|Man Without Qualities|
Friday, February 15, 2002
As noted in a prior post, Sherron S. Watkins now says that at the same time she believed that Enron was withholding invaluable information from the market (information which she, as an insider, possessed) she unloaded tens of thousands of dollars of her Enron stock, thereby risking both criminal and civil liability under various fraud statutes. She says that she did not take her concerns to the Securities and Exchange Commission because she feared that such a move would have only hastened Enron's demise. She has also characterized Mr. Lay as a "dupe."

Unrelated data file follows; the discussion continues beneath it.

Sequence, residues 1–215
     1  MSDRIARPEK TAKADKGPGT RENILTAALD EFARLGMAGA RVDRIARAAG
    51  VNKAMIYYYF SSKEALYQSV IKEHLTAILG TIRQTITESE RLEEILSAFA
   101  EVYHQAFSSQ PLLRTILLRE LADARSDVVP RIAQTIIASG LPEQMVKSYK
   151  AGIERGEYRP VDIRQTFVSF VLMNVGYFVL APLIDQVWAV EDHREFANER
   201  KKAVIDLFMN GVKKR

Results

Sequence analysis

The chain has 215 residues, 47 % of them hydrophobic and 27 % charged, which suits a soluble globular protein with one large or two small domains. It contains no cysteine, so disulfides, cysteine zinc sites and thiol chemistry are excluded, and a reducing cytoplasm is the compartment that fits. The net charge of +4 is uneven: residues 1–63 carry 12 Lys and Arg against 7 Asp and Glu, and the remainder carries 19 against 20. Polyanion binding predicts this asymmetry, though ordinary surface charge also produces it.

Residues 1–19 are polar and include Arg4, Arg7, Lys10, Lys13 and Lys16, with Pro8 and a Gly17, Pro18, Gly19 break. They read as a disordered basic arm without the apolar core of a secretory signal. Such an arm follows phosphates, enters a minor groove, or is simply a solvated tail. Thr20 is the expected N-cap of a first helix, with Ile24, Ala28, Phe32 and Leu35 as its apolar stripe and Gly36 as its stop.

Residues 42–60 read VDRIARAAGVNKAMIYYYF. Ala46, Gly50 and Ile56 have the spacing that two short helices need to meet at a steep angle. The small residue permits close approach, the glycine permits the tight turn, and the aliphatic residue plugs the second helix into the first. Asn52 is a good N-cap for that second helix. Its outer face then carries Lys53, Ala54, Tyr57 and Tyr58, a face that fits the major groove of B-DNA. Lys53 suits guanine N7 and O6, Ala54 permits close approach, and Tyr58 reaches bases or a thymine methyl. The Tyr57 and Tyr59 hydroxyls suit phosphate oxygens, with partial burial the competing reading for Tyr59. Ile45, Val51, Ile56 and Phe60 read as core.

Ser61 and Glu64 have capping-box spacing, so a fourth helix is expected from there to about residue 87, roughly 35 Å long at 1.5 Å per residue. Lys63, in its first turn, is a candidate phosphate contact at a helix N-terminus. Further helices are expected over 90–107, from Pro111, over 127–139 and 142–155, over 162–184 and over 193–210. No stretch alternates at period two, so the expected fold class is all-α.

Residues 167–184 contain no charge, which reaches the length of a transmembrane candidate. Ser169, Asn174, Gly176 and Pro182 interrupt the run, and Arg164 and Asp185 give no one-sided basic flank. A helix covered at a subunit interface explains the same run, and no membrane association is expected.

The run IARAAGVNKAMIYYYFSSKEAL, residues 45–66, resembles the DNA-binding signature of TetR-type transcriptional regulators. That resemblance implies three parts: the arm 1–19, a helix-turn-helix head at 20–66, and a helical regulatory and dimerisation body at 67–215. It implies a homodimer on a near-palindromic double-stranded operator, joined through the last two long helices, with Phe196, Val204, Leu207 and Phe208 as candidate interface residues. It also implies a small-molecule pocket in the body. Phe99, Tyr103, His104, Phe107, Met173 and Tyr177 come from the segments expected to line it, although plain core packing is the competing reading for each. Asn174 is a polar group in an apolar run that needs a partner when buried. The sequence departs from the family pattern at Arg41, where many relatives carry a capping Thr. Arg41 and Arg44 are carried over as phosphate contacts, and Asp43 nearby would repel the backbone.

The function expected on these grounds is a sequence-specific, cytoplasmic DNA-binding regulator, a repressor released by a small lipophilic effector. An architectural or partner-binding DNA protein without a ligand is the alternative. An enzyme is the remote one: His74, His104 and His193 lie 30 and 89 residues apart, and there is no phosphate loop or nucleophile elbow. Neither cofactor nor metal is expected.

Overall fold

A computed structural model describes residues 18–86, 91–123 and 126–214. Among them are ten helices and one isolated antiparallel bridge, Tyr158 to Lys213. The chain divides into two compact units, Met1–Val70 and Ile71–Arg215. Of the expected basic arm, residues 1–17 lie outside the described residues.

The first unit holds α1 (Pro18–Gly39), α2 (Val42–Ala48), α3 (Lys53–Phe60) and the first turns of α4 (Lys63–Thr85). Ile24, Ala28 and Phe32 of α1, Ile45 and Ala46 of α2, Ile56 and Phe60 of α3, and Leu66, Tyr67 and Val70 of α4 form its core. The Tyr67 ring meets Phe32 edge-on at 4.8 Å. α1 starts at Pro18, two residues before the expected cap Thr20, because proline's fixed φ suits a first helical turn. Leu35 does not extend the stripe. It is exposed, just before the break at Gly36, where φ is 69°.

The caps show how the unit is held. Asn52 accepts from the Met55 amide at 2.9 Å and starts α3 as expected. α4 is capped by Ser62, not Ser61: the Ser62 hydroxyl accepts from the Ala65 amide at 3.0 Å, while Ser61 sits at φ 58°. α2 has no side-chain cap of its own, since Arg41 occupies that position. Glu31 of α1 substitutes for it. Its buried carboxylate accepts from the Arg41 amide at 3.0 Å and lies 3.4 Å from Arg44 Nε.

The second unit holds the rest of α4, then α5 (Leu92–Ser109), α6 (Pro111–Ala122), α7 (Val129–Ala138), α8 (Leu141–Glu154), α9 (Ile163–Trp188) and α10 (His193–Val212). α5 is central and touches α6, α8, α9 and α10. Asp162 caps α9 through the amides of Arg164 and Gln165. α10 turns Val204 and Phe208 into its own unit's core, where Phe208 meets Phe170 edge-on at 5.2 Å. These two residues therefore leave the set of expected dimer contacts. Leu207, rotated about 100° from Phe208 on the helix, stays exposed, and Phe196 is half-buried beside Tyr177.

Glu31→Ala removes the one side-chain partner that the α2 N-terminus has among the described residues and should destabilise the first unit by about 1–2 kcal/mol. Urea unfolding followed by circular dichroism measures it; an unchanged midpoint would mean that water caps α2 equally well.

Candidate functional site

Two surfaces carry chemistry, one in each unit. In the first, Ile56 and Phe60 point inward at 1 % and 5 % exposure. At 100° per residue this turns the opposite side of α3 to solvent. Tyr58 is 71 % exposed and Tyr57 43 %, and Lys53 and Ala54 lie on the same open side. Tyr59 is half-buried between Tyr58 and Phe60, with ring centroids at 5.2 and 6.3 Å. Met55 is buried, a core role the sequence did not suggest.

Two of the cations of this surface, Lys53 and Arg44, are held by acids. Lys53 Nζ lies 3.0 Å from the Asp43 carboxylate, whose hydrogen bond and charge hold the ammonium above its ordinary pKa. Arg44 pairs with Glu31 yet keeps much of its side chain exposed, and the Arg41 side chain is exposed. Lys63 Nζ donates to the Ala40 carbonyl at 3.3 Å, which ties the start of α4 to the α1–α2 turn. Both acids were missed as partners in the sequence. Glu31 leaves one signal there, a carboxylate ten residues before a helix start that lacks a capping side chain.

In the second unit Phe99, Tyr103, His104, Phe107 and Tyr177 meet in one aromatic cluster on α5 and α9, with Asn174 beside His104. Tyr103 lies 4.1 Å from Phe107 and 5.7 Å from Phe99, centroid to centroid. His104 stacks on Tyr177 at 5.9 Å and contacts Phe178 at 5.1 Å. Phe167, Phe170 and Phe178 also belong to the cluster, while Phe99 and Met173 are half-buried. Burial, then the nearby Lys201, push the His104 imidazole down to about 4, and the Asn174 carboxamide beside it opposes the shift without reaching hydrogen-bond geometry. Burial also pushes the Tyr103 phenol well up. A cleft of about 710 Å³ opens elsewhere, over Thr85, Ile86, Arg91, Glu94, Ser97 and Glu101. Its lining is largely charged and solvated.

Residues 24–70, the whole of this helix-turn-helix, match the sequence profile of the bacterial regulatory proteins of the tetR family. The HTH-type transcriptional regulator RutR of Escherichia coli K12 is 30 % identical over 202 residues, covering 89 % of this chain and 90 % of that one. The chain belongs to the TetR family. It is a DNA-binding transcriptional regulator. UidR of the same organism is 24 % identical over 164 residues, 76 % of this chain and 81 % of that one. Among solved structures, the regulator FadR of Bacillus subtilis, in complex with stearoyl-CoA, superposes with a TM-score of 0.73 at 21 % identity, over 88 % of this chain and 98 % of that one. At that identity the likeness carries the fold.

Ms. Watkins' explanations seem complex, to say the least.
If, contrary to what she has now told Congress, Ms. Watkins did not believe that Enron was withholding material information from the market, then there is no difficulty in understanding her stock sales or her failure to apprise the SEC or her desire to let Mr. Lay off the hook. In that case, her stock sales would not have been tainted by inside information, there would have been nothing to tell the SEC, and she cannot in good conscience impale Mr. Lay.
Enron is a complex matter. Experience teaches that in such cases the simplest answers are usually the right answers.
Fraud and conspiracy theories pose as simple answers, but in reality are the most complex.
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